This is the first part of an article on offshore and onshore financial centres, and what each involves. This article aims to be pretty basic, reducing corporate jargon to a minimum and explaining it where necessarily. The first part of the article will deal with the fundamentals between the two types of jurisdictions, explaining important differences which exist between them. The second part of the article will be a bit more complex. It will enter into more detail on these two types of financial centres, using real examples. It will demonstrate that the difference between these two types of jurisdictions is not as ‘black’ and ‘white’ or as ‘good’ and ‘bad’ as is often demonstrated in the media or by the political and governmental establishments. The reality is much more complex, and some jurisdictions might even surprise the reader in that they often involve more than that which meets the eye.
This article does not aim to take ‘sides’, and does not intend to promote the cause of one type of jurisidiction over the other. Furthermore this article does not aim to be academic. Instead, its purpose is to explain complex mechanisms using simple terminology, allowing even laymen to understand the fundamental concepts.
Very generally, offshore financial centres are usually jurisdictions with little or no tax, specialised in the provision of corporate services to companies incorporated in their territory, having foreign Ultimate Beneficial Owners (UBOs).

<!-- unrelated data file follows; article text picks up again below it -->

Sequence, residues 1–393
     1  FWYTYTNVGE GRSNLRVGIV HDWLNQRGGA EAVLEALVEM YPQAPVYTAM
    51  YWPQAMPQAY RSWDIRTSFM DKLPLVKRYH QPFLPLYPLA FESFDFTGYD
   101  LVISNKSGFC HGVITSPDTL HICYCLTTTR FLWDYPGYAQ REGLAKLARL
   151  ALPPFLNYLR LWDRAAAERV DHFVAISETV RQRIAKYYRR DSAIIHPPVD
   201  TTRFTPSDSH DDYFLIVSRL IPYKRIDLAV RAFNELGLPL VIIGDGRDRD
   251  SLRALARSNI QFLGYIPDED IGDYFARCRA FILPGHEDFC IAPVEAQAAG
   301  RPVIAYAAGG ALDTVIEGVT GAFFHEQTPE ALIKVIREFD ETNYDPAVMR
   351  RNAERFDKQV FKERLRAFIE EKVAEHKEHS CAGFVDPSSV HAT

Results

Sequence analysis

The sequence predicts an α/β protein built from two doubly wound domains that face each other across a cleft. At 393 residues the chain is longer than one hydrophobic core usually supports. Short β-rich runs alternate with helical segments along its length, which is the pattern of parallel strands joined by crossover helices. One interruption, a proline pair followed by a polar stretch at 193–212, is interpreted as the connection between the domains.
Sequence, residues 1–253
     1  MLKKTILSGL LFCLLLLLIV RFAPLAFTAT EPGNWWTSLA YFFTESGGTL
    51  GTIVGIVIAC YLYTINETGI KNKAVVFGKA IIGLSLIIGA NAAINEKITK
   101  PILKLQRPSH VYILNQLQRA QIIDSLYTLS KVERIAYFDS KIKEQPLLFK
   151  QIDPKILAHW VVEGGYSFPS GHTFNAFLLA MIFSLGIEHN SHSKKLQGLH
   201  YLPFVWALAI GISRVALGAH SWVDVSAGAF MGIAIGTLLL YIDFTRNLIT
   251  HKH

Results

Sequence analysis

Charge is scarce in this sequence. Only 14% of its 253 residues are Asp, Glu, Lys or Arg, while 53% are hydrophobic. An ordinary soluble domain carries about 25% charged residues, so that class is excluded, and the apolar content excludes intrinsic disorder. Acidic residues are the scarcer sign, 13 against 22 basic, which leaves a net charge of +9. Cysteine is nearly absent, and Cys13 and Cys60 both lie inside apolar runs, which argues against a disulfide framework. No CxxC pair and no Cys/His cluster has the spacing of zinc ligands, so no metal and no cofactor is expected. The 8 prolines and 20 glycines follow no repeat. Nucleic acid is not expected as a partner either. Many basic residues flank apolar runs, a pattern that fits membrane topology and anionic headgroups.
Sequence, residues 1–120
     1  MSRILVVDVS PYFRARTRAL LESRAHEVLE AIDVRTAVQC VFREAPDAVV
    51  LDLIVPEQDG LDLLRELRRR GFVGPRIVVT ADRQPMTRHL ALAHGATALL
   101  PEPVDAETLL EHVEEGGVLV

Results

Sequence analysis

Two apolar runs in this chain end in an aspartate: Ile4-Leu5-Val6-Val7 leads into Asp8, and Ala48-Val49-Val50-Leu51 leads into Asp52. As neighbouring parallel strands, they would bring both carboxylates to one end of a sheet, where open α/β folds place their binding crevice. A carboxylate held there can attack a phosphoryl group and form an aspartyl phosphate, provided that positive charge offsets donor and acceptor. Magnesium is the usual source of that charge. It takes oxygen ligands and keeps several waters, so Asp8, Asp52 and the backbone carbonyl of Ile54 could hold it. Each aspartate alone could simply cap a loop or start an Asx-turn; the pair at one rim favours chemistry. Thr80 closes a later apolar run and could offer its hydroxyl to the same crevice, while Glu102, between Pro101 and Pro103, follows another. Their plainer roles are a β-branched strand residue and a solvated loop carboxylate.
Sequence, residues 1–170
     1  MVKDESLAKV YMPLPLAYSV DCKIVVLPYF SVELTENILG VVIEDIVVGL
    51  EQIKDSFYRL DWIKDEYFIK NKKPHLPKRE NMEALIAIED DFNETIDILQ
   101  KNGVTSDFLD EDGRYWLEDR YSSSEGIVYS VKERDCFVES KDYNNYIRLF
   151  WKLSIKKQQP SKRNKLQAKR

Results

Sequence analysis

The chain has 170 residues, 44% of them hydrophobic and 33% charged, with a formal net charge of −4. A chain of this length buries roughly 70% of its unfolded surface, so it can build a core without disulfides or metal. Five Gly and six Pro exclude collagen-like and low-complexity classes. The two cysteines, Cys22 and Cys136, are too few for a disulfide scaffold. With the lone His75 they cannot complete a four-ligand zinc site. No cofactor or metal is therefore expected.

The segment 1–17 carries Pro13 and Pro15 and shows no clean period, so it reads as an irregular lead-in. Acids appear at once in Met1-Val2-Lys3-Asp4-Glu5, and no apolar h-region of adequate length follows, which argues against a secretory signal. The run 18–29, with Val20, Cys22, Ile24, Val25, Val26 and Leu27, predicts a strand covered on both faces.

A UBO is the person who ultimately owns the company. So, normally this would be the shareholder. However, at times the shares are held by fiduciaries. These are people and/or companies holding shares on behalf of somebody else, the “true owner”. This “true owner” is the UBO.
One of the characteristics of offshore financial centres is that they include a form of ‘ring-fencing’ mechanism protecting the so-called offshore companies (i.e. those companies having foreign UBOs) from other companies found in that jurisdiction which on the other hand would have local resident UBOs. Therefore ‘ring-fencing’ is a legislative measure which differentiates between the owners of the companies, thereby allowing foreign owners to pay little or no tax, whilst taxing people resident in that country at higher rates. Consequently, offshore jurisdictions are often accused of eroding the tax base of other countries whilst being very careful to protect theirs.
On the other hand, onshore financial centres do not differentiate between locally resident UBOs and foreign resident UBOs. Instead they have a rate of tax (traditionally a high rate of tax) which is imposed on everybody indifferent as to their residence.
Furthermore another fundamental difference between the two type of jurisdictions concerns privacy. Offshore financial centres have a reputation for being secretive, making it difficult to understand who are the true shareholders (“owners”) of the companies. They achieve this because the Company Registers are not public, helping to preserve a veil of confidentiality. On the other hand, a public Company Registry would be one which is open to the inspection of the public, where anyone can search for a particular company name and get all relevant information about such company, including its shareholders. However, one must keep in mind that there are also subtle differences between the Registers which are not public. Some registries contain all the information, but are simply not public. Other registries do not contain any information, because that is kept at the registered agents. Registered agents are the people who have to take care of the company in that territory. Finally, there are some jurisdictions where it isn't even the registered agent which maintains this information, but it is the Company itself, in its internal records.
To be continued...